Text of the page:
With all the excitement of meeting so many new and extraordinary people, the fear of missing out had me back on the clock and over-booking myself. I didn’t want to miss the fun, the conversations, the shared meals, etc, and still needed time to rest and work. I slipped out of my rhythm and into the shared time of social and business life. I was out of my natural rhythm, back in to some old, stress-induced habits. I know I feel the best in my natural rhythm on the river, but wanting to accomplish more, though tiring, actually made it harder to want to get back on the water. We ended up pushing our departure a day later.
When we finally got back on the water (not until about 11am on the 21st), it was hard to shake the “vacation” feeling. It took nearly two full days to get back in tune with the natural rhythms. Alyce and I talked about the pace of our expedition. We agree that it’s not sustainable to continue to go full-throttle for weeks and then crash for days. It just doesn’t feel good. We need to strike a balance that allows us to travel, rest, write, plan things for the future, and have fun in the moment. Easy, right?
We tend to be tempted to travel during any “paddle-able” weather on the unpredictable and often turbulent, massive reservoirs of Fort Peck, Lake Sakakawea, and Lake Oahe (coming up). We had a lot of good weather on Ft. Peck and ended up burning through our energy without enough recovery. We need to find a better balance between “gettin’ while the gettin’s good”, and giving ourselves time to rest and have fun as we take on Sakakawea and Oahe.
As always, we’ll see what happens. Oh yeah, and one other thing. I do not have Lyme’s disease. I was experiencing a lot of symptoms that were likely the product of expedition exhaustion and fending off a cold. The strange bullseye must have been caused by something else. All symptoms have now disappeared. We’ll call it a Tobacco Garden Miracle.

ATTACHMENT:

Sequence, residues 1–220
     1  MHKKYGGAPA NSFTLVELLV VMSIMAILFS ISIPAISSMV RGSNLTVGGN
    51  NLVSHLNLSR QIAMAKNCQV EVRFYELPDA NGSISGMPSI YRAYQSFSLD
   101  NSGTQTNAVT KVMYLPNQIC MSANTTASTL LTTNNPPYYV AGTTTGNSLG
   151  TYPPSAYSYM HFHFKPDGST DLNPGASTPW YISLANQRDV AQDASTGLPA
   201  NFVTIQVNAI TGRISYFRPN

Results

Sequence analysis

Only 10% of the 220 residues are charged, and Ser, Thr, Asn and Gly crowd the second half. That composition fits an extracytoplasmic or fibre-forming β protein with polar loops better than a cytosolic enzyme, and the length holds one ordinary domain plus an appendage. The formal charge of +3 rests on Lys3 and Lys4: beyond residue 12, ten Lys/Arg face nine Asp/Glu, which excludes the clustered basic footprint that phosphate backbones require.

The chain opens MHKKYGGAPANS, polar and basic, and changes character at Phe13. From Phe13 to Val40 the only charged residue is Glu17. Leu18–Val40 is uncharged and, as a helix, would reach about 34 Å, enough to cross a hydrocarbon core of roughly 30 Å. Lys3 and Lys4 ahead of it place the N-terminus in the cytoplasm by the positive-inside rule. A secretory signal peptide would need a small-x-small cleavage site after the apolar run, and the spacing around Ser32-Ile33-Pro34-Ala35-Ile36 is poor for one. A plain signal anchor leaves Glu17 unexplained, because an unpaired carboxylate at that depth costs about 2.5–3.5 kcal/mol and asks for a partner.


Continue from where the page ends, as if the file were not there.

July 23, 2016
Today all I did was sleep and eat. I didn’t realize how exhausted I was from the expedition in general and the stress of the last three days. I am so thankful to be in air conditioning resting all day. It was truly what I needed. Eating at the restaurant and chatting with the women who work there was very enjoyable. Spent time talking with Jody. What a great women. And Peg! We got to chat more today and she is a strong women, running the marina and resort. What a great and much needed true rest day.
July 24th, 2016
Sunday Funday! I spent the morning relaxing and getting a little writing in. We conducted a group interview after lunch. What amazing women, with tremendous life experiences and interesting opinions. Once Kelly and Jody where done working we headed to the beach with them and Kelly’s finance Mike. We got to ride to the beach on Jody’s jet ski! She then gave us the keys and told us to take it for a spin! It is really different going 30 miles an hour on Lake Sakakawea, when we were only averaging about 2 miles an hour paddling on the lake. The afternoon went by way to quickly, tubbing from behind the jet ski and talking on the beach. All of a sudden it was dinner time and we headed back to the restaurant for a much needed hamburger. Once the restaurant was closed we had our second interview with the rest of the women who work at Tobacco Gardens. Some times I get overwhelmed with emotion during these interviews, as I am manifesting my dreams. Getting to talk with women from all over the country, speaking about confidence and the challenges associated with building confidence. I think back to this past winter, while planning for the expedition, thinking about all the women I will meet and hopefully get to interview. Now here I am, interviewing women about confidence. My dreams in action. It is a truly powerful feeling. After the interview I spent time hanging our with Jody and Kelly, not really talking about anything, just enjoying each others company and the night time coolness after the hot day. Another day of river life, fully lived.
July 25th and 26th, 2016
I spent these days working on posting pictures to social media, writing about the last week and reading about what has been going on in the world. It is always a shock to be out of touch with what is happening around the world and then I bombard myself with reading the news. It can overwhelming, though good to know what is going on while I am paddling on the river. On the 26th we went for a sunset ride in Peg’s ranger. I was not feeling ready to leave tomorrow and expressed a desire to stay for one more day. It was an easy decision to stay and get some more work and rest in.